1895 fishing — Early opening of ice fishing

Maury Thompson
3 min readMay 9, 2024

Another ice fishing season was underway.

“The fishing season at South Bay has opened rather early this winter,” the Fort Ann correspondent reported on Jan. 25, 1895. “We believe every time that they have tried their luck, very nice perch, with some pickerel, are the main catch.”

In other 1895 fishing news collected from historic newspapers of the region:

  • The fox got away, but not the fishes.

“One of the finest strings of pickerel seen this winter was brought from Oneida Monday by Constable John Watson,” The Morning Star of Glens Falls reported on Feb. 20, 1895. “Mr. Watson had a good deal of fun trying to snare a fox which disparted itself on the ice, but the cunning animal eluded the hunter’s wiles.”

  • “F. M. Cozzens, J. E. Stowe, William VanDorn and M. G. Annis, who have been on a fishing trip in the vicinity of North Creek for the past ten days, passed through town (Glens Falls) yesterday on their way home,” The Morning Star reported on Feb. 4. “The party dined at the Van Cott (Hotel). They displayed a catch of over 600 pounds of pickerel, some of which are larger than usually caught in that section.”
  • “One of the largest pickerel taken from Glen Lake in several years was captured by Marvin Pratt of this village (Glens Falls). The fish was purchased by Landlord Rockwell of the Rockwell House,” The Morning Star reported on Feb. 6.
  • “The biggest catch of the season was brought home from Glen Lake Thursday night by Frank Dunn and John Martin,” The Morning Star reported on Feb. 16.
  • “George Holden of Saratoga, W. R. Clothier and George H. Martin of this village returned yesterday from a three days’ fishing trip to Friends’ Lake. They brought with them 124 pickerel, the largest of which weighed twelve pounds,” The Morning Star reported on March 15.
  • “Hosts of pickerel are being caught here now,” the Schroon Lake correspondent reported in The Morning Star on March 16. “George W. Wickham caught a string yesterday weighing thirty-five pounds. The largest was a fifteen pounder.”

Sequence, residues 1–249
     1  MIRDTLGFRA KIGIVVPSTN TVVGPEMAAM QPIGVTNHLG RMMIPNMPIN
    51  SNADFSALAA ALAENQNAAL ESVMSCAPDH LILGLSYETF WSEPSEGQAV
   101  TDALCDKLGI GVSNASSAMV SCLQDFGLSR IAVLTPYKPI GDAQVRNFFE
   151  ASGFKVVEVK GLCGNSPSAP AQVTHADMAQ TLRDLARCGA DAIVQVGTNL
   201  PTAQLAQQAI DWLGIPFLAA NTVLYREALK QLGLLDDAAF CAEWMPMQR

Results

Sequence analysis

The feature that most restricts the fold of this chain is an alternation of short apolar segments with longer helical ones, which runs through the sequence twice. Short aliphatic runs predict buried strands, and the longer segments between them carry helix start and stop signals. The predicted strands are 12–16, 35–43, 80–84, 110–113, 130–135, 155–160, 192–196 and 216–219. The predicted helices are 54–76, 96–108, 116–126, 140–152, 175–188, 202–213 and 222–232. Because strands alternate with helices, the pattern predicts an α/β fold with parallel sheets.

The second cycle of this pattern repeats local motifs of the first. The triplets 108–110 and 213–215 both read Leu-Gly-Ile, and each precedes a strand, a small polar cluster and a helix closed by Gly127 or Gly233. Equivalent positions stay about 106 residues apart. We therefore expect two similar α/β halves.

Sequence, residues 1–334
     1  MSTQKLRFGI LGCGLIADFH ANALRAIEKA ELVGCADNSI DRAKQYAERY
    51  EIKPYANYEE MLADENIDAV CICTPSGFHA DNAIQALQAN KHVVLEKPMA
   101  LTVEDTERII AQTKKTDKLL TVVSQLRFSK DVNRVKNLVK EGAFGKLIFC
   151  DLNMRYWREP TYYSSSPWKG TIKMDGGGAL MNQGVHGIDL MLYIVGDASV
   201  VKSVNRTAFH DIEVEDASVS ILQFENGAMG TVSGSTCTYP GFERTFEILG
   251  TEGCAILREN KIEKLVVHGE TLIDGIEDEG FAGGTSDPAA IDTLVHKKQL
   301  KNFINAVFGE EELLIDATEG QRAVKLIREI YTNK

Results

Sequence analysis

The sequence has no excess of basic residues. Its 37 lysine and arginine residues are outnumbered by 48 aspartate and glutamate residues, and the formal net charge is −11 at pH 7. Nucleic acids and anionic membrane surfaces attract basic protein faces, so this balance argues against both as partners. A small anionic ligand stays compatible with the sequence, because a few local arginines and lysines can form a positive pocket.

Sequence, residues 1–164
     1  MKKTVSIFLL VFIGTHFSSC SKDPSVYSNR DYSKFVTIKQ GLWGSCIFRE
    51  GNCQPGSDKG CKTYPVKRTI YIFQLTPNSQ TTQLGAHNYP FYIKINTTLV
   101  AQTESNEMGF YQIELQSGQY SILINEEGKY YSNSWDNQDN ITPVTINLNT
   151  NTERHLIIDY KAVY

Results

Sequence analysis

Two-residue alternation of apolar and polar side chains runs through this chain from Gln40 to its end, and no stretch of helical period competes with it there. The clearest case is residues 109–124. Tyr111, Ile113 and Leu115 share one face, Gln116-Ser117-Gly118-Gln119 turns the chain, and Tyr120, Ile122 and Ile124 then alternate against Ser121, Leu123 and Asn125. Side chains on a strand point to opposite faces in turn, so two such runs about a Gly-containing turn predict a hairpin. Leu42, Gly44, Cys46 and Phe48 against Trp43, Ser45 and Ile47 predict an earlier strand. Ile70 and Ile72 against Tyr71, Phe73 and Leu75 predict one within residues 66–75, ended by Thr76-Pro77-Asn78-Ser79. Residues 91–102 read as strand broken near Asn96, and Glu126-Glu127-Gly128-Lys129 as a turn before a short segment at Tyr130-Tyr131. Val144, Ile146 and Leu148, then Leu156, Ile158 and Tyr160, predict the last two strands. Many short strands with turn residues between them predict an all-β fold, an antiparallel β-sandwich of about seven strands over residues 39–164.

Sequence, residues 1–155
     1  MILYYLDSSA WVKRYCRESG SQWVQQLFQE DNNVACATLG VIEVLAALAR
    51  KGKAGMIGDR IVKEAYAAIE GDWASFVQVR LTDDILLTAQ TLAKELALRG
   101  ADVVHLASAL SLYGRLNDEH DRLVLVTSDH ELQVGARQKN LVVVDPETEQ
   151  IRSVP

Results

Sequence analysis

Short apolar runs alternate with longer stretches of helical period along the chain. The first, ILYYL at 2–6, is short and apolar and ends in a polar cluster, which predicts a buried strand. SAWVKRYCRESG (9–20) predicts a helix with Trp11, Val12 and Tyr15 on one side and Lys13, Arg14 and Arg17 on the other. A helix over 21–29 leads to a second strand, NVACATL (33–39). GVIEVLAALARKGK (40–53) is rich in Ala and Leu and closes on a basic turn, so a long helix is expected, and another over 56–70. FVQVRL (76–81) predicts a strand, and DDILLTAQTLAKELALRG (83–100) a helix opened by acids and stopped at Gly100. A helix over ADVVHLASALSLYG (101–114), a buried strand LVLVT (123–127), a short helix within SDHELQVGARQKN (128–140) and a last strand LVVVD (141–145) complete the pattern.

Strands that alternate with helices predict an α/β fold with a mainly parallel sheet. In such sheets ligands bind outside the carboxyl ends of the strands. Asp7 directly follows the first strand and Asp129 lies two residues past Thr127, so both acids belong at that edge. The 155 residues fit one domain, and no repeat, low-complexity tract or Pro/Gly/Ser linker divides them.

• “Emory McBride took a fishing trip yesterday and caught twenty-seven pickerel in Loon Lake,” the Riparius correspondent reported in The Morning Star on March 23, 1895.
  • “Large quantities of pickerel are being taken through the ice from the different lakes and ponds in this vicinity,” the Chestertown correspondent reported in The Morning Star on March 23, 1895.
  • “Harry Smith is the champion fisherman and disciple of Isaak Walton in this place, having caught nine handsome brook trout Monday, one of which weighed one-and-one-quarter pounds,” the Salem correspondent reported in The Granville Sentinel on April 5. “A good number of fishermen were out on the first day of April, when the season opened, but Mr. Smith was the only one who had any luck, as far as we can tell.”
  • “For the past few days, a number of boys have been fishing in Washington’s mill pond at Gansevoort,” The Morning Star reported on April 15, 1895. “The lads have had good success, catching from 200 to 300 brook trout daily.”
  • “Many fishermen are getting in readiness of the opening of trout season tomorrow,” The Morning Star reported on April 30, 1895.
  • “Bullhead in considerable quantities were brought in from Lake George yesterday,” The Morning Star reported on May 1. “One man, who lives at East Lake George, disposed of 150 pounds by peddling them in the streets. He got 12 1/2 cents (the equivalent of $4.83 in 2024 dollars) a pound for them.”

Click here to read the most recent previous fishing history post.

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Maury Thompson

Freelance history writer and documentary film producer from Ticonderoga, NY